Sometimes I wonder about the mental abilities of some psychiatrists when I read things like this. When you’ve had a diagnosis for 10 years, like Marisa has, it’s incredibly hard to believe someone who barely knows you saying that you have a different diagnosis.
I send lots of love and strength, and maybe some patience too, to people who have encountered this kind of situation.
I’ve been thinking a lot about diagnoses and whether or not the label of a mental illness really matters. Within the mental health community and advocacy work, we like to separate the person from the disorder. We encourage people to say: “I have bipolar disorder,” instead of “I am bipolar.” You would never say “I’m cancer,” but you would say, “I have cancer.”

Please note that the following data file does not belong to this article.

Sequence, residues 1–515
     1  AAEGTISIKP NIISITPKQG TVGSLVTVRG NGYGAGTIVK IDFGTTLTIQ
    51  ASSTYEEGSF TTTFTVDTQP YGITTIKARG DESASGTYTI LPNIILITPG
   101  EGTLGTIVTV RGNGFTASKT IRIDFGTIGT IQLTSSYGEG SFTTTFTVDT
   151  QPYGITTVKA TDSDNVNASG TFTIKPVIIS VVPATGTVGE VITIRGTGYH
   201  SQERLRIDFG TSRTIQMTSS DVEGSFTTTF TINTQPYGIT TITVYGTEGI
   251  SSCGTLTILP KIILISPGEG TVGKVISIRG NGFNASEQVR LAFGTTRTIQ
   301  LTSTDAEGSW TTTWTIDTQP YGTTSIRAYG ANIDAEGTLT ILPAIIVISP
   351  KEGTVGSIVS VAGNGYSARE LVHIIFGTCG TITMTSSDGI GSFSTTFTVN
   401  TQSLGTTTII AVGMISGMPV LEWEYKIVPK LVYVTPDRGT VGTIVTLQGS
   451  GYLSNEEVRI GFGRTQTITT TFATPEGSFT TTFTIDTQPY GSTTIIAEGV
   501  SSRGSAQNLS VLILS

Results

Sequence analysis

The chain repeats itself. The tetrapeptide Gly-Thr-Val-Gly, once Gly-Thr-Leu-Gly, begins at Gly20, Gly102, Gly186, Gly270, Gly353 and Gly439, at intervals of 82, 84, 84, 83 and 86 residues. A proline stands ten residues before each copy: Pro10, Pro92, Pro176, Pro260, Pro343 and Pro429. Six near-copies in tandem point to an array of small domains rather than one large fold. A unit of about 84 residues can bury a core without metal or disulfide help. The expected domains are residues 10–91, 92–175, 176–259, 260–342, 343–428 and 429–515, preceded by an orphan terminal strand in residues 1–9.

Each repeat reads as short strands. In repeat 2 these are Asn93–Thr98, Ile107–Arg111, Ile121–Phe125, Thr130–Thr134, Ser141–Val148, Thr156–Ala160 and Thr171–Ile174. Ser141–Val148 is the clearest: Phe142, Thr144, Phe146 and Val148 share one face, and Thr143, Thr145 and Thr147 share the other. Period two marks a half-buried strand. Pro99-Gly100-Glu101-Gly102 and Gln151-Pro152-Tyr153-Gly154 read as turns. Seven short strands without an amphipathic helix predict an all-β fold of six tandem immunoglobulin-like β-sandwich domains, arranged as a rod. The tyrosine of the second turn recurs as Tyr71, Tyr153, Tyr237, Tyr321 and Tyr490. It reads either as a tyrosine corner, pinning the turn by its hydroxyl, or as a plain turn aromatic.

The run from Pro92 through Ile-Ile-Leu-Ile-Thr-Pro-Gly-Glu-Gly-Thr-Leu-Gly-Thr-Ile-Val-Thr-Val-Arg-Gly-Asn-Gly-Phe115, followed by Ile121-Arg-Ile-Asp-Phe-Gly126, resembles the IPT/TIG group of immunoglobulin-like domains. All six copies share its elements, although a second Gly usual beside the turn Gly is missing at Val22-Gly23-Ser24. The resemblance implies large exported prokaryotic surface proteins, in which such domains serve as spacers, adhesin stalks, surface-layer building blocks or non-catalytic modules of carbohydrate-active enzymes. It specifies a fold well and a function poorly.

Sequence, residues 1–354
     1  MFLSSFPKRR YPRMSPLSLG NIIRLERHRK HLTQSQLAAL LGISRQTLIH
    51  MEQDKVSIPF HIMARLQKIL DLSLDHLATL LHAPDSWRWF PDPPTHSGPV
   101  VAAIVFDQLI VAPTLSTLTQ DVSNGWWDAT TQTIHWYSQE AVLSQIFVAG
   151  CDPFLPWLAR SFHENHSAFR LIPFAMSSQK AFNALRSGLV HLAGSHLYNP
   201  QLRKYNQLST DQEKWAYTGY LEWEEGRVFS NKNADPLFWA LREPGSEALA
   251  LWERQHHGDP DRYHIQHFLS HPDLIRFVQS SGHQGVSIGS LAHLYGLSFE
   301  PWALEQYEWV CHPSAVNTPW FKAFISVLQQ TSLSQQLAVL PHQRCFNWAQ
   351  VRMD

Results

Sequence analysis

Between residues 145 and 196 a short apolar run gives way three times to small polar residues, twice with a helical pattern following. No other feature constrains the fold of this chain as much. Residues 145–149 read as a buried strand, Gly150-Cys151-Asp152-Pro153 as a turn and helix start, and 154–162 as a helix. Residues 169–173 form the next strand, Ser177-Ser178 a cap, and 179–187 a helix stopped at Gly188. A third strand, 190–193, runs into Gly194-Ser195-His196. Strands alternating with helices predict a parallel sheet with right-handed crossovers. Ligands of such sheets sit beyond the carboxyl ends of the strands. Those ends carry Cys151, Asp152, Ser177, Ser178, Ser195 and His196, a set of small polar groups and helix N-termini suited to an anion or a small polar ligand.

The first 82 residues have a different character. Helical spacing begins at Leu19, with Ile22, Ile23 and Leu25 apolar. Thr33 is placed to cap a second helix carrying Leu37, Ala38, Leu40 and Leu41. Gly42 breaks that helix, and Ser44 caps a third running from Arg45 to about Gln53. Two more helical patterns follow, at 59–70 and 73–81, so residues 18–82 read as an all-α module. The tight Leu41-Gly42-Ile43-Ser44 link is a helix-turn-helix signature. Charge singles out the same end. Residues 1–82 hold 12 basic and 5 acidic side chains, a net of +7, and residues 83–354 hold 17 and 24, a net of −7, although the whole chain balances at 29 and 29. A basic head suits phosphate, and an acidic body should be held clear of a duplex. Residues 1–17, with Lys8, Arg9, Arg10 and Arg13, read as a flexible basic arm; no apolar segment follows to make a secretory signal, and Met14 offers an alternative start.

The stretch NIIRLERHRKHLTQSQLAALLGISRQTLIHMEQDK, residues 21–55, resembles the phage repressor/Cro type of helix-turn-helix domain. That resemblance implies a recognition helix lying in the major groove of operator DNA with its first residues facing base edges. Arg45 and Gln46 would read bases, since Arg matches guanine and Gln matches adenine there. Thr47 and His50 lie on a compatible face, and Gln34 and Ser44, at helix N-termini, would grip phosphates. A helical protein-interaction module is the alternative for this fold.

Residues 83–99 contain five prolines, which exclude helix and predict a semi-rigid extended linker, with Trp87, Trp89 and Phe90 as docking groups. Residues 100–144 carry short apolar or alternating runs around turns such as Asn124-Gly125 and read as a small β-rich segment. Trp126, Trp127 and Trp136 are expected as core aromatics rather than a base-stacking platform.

Some mental health professionals believe that that diagnostic labels don’t matter, as long as you’re receiving treatment that’s right for you. However, I would suggest that learning about your particular illness in conjunction with studying yourself you can learn a lot about what triggers particular episodes. So when my psychiatrist told me that I “do not have bipolar disorder,” I felt like a piece of me had been ripped out.
It’s no secret that I have no love for psychiatrists. I have yet to meet one that I have…
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